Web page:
More Airs for Pairs by Matt Seattle


More Airs for Pairs by Matt Seattle

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More Airs for Pairs Book – Matt Seattle

A wonderful book containing yet More Airs for Pairs Book – Matt Seattle


Like its companion, AIRS FOR PAIRS, this book contains twenty-one tunes from Britain and Ireland. The first book contains some of the most popular traditional tunes which, the editor feels, should have a place in the repertoire of all musicians who reside in these islands, whatever their chosen specialisation. This second book contains more of this core repertoire, but also has some interesting older tunes as well as some more recent music composed in traditional idioms. The balance here is weighted a little more in favour of the slower tunes – for no particular reason. As in the first book the harmonies have been written not to be easy or difficult, but to be musical. I would like to thank Stewart Hardy for playing them all through with me and making many valuable suggestions which I have been pleased to include.

Suggested bowings are included in the arrangements. These will work perfectly well, but there are of course other possibilities, and personal familiarity with one or another of the native idioms is always a better guide than written instructions. The music is playable on instruments other than violin, and some of the tunes derive specifically from piping and harping, as well as fiddling traditions.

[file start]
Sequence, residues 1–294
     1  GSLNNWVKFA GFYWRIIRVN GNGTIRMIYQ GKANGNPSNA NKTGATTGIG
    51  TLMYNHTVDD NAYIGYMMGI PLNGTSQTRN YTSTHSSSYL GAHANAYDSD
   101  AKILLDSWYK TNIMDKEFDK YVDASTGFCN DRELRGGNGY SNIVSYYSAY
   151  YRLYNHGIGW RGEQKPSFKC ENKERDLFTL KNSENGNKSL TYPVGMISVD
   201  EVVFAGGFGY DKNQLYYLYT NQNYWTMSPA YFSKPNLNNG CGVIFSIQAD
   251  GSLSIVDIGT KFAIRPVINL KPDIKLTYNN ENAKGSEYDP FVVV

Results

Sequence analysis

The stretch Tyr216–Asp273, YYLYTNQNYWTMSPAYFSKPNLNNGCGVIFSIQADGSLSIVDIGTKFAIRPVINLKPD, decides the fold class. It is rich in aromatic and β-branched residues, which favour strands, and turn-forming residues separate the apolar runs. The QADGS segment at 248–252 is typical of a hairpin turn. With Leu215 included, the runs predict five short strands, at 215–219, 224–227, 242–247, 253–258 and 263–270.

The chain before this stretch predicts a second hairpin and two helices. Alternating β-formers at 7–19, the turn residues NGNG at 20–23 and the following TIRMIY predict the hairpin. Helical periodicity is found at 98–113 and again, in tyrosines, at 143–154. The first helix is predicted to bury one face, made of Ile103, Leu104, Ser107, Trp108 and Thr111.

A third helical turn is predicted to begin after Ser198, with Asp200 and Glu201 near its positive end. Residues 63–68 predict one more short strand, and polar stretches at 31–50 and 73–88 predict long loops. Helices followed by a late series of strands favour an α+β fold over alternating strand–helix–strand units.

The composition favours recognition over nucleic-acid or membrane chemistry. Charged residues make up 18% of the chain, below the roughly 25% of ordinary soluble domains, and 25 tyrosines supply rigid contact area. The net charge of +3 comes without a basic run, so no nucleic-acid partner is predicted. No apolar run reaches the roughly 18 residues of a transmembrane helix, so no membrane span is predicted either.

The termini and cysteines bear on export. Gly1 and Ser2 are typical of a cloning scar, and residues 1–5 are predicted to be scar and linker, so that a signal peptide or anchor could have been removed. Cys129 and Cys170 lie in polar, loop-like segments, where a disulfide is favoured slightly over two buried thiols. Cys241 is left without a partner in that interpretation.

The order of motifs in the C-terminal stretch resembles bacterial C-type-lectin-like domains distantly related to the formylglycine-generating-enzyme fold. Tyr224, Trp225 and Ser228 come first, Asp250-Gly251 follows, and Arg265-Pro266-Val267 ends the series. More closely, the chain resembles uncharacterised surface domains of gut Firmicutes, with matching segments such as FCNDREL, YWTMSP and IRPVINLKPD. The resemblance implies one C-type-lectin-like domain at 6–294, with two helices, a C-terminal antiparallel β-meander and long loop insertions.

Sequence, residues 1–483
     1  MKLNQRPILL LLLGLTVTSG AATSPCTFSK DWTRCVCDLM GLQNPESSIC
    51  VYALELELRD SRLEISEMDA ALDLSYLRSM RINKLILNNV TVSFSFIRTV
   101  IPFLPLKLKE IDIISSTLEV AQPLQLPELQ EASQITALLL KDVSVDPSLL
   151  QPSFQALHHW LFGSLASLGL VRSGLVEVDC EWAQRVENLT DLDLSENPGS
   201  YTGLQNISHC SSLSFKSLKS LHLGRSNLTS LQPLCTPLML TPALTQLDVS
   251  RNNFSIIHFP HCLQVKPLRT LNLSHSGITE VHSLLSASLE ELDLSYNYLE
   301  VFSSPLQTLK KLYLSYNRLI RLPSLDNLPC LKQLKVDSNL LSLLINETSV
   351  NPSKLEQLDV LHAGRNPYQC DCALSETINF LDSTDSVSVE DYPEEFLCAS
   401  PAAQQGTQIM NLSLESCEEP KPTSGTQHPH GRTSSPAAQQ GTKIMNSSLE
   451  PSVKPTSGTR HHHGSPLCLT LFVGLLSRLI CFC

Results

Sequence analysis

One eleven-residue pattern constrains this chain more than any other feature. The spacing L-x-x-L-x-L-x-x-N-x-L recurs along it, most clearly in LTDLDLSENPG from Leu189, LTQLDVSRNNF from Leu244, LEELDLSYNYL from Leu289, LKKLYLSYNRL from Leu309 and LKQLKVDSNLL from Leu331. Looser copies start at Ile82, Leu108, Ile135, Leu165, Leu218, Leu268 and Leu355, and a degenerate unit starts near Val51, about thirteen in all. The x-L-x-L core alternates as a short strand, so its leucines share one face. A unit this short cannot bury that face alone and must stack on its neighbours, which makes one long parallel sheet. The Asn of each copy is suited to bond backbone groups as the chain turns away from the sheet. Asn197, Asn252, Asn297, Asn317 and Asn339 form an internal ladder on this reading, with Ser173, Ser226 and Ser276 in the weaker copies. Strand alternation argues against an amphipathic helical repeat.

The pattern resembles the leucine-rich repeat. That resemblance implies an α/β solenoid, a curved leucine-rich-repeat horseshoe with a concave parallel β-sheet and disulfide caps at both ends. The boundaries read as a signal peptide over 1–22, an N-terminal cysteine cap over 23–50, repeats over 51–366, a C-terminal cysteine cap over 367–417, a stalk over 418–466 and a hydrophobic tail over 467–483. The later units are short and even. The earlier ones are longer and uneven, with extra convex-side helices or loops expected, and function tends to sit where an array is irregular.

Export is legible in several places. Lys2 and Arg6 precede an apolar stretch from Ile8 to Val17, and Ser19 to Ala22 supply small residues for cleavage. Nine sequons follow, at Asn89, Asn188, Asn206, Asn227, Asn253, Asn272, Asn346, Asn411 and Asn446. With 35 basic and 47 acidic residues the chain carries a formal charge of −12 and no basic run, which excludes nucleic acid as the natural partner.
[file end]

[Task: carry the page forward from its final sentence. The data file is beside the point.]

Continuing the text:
It is possible that more volumes in the series will appear in due course, and I am happy to receive comments about the present books and suggestions for future additions to the series. There is no reason to play harmonies to traditional tunes other than enjoyment of the result, and if any enjoyment results from the use of these duets, then the arranger will be more than repaid for his time.

Using the Arrangements

There are many ways of using the written arrangements for performance. They can be played through from beginning to end with harmony, but the usual way is to play the tune once through (with any repeats indicated) solo or in unison, and then repeat it with one player taking the harmony line, giving the listener a chance to get acquainted with the tune before the harmony is added. The tune can be played again if desired with the players swapping parts. Medleys of the tunes with the same or contrasting tempos can be put together if required, but each tune will stand on its own also. Chords are given for all the tunes, but these are an optional addition as the arrangements will work perfectly well without accompaniment, though less experienced players may find it helpful to have some rhythmic support.


Banish Misfortune
The Blackthorn Stick
The Hens’ March
The Banks of the Tyne
The Boys of Bluehill
Off to California

The Hesleyside Reel
The Flowers of Edinburgh
The Dinnington Rant
Danny Boy
The Hole in the Wall
The Bishop of Bangor’s Jig
The Roving Pedlar

Carolan’s Draught
SleepSoond Ida Moarnin
Elizabeth’s Waltz
Farewell to Whisky


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